NOTE: Though articles from Energy Ink typically do not endorse legislative action, the information in the following article is provided to inform Upstream sector companies of potential investor resources not previously considered.
The immigration debate in the United States has obscured a host of neglected legislative issues. The anti-immigrant sentiment in the nation belabors the notion that immigration is an issue that only encompasses illegal border crossings. Rather, legal immigration impacts economic considerations as a net gain, perhaps well beyond the potential economic burdens of illegal migrant issues.
The EB-5 visa investor program (which stands for employment-based fifth preference) created by Congress in 1990 is among the more important immigration related issues that has finally been addressed. The revised EB-5 program forwarded by Senator’s Mike Rounds, Lindsey Graham, and John Cornyn, (and endorsed by President Trump) extends the EB-5 program until September 30, 2025 and provides long overdue revisions aimed at deterring fraud and optimizing national security.
The program was designed to stimulate the economy through job creation and investment by foreign investors in allowing qualified foreign applicants to engage U.S. commercial interests via regional U.S. Citizenship and Immigration Services (USCIS) designated economic growth centers. There are currently 811 such centers representing every state in the Union.
Under the bi-partisan supported revised rules which went into effect November 21st, EB-5 visa applicants are required to invest $1,800,000 (up from $1 million) in an approved commercial project, or $900,000 (up from $500k) if the project is in a Targeted Employment Area (TEA), which are rural areas or an area that has an unemployment rate of 150% of the national unemployment rate. Some 30% of annual visas granted under this program must be to individuals investing in a TEA. The investment must also create or preserve 10 permanent full-time jobs for qualified U.S. workers. In return, the investor is granted legal immigrant status – not citizenship.
From the perspective of the current trends in domestic oil and gas investments, the EB-5 program may hold tremendous potential for shoring up recent capital investment declines in the O/G upstream sector.
The Western Energy Regional Center in Oklahoma is one such example in providing foreign investors with investment opportunities in the oil and gas sector in Oklahoma by where EB-5 investors lend money to the center to fund oil and gas production.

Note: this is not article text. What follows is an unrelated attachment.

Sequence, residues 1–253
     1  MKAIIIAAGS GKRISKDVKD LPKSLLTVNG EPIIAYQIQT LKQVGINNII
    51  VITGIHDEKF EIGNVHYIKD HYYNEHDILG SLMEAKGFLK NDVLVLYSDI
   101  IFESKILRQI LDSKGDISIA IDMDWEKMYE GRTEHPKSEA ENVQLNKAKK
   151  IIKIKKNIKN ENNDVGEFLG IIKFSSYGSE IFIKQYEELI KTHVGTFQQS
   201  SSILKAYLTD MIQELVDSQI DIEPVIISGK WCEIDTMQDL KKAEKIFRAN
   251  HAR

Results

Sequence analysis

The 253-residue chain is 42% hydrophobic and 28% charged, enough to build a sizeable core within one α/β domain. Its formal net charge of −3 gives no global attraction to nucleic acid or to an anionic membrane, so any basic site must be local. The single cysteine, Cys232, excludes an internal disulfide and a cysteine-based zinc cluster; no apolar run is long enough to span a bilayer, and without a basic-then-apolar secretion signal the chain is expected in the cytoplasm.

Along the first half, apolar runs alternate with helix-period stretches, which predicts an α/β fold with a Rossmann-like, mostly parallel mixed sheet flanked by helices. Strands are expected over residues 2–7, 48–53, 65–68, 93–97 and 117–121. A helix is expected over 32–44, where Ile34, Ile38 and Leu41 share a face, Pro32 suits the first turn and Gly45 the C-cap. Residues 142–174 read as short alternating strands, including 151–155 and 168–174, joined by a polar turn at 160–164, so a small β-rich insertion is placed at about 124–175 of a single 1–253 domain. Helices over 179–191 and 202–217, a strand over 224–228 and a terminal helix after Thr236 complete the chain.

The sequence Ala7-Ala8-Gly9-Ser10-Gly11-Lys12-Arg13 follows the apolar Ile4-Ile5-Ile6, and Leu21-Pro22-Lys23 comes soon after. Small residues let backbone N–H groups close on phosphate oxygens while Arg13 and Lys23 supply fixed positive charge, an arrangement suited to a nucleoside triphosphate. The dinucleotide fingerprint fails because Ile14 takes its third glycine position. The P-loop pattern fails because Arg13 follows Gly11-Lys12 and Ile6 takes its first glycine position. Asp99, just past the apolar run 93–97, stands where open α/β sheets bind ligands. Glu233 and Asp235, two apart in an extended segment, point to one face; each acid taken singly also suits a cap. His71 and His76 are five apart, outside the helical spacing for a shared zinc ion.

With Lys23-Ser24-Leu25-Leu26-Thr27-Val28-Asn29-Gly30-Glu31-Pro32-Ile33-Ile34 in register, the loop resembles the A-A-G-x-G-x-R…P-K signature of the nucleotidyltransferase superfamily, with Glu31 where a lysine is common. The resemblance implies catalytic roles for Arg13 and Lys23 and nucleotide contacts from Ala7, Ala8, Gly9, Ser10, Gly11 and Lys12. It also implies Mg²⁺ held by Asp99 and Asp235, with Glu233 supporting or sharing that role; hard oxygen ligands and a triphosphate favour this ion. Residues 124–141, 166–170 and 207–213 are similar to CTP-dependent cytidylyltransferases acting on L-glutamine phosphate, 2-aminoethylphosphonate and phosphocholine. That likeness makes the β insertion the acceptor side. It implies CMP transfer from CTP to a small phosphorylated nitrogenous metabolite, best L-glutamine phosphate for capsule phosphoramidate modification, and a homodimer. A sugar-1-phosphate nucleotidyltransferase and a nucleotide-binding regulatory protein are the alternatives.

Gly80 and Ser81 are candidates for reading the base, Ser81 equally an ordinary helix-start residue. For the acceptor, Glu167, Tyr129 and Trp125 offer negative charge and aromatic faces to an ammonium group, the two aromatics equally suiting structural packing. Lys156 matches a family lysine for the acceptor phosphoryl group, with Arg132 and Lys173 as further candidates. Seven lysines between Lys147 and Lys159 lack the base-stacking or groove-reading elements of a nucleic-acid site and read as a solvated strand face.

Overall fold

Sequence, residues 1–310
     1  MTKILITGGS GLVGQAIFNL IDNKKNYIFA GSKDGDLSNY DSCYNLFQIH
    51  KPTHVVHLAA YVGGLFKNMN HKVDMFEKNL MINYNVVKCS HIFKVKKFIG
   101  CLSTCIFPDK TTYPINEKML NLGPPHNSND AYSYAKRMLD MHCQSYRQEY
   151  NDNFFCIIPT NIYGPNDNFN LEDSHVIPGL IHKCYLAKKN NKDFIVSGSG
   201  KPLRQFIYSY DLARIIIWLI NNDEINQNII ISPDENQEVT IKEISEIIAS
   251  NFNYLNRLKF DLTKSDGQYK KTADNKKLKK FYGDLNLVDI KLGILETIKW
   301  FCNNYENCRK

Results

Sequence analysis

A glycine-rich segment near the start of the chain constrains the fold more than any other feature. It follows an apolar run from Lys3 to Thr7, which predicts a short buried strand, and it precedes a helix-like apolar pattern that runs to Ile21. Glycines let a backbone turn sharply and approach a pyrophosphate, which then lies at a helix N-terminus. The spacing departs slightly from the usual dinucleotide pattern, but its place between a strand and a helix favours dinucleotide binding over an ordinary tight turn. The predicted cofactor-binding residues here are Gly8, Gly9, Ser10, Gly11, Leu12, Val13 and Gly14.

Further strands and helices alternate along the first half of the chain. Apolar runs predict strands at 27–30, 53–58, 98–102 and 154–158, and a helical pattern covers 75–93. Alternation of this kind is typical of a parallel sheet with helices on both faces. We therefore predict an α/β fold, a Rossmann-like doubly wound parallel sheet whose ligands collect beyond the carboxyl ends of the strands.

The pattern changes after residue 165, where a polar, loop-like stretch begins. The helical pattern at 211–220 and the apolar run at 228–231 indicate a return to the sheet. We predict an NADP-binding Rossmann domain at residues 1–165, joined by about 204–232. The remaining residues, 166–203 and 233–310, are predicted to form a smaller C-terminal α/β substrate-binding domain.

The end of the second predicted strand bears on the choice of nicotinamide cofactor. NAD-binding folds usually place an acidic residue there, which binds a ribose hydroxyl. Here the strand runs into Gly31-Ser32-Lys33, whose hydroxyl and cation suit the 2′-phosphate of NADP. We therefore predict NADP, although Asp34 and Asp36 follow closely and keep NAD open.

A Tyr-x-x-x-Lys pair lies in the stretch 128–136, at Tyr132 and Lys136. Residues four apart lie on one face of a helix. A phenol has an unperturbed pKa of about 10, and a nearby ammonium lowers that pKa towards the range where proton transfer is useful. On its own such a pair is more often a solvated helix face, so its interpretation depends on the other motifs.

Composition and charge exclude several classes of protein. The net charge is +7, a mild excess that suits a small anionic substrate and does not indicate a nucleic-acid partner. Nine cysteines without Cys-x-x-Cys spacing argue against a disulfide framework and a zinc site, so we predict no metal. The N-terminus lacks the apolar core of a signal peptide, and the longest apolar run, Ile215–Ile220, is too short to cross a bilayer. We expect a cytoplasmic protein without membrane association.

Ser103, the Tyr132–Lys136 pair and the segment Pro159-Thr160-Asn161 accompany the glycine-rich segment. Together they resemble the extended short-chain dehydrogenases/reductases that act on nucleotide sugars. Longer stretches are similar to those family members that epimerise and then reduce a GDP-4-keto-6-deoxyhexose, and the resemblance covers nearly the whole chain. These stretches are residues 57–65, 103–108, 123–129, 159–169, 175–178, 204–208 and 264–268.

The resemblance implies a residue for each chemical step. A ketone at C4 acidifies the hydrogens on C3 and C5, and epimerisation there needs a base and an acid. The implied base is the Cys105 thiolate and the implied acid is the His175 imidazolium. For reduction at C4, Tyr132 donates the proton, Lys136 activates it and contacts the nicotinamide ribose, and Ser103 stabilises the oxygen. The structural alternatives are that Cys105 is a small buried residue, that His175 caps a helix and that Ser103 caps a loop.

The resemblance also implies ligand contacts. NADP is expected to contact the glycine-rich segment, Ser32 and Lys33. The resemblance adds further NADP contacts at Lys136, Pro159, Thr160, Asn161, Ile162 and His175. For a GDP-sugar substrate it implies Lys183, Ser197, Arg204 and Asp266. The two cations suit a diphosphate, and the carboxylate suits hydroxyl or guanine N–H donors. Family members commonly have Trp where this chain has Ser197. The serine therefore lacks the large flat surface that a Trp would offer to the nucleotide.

Access Texas Oil and Gas LLC is a company that, as part of its larger investment portfolio work, provides EB-5 qualified investment options for oil and gas interests. Their Colonial EB-5 Investment Project located in the Austin Chalk Formation is slated to include up to 100 participants for EB-5 investment.
As the new rule is expected to actually increase EB-5 applications, the oil and gas sector is expected to see a significant bump in this type of investment, especially in the upstream sector.
Certainly, there are arguments against the program as some have complained that it essentially is a legal method of “selling green cards” to wealthy foreigners. Encouragement of investment in the United States has always been incentivized in some way, and should be. The EB-5 program offers a work visa as that incentive rather than tax incentives that cost American tax payers. Additionally, it has been widely held that the program was previously vulnerable to fraud. The revisions are aimed at closing loopholes in retaining the integrity and intentions of the original bill.
Senator Rand Paul is the only notable opponent to the rule but only due to his belief that it does not go far enough to ensure investment goes where it is most needed. Regardless, what is lost in any argument against the program is that it has resulted in over $35.6 billion dollars in foreign investment (over $19 billion in the last 4 years with another $8 billion pending) and has created hundreds of thousands of jobs held by Americans (276,000 from 2010 to 2015 alone). Texas alone saw nearly $1 billion in EB-5 investments from 2014 to 2015.
Finding such investments for upstream activities simply requires a call to the nearest U.S. Citizenship and Immigration Services (USCIS) designated economic growth center or by “Googling” “USCIS, Immigrant Investor Program.”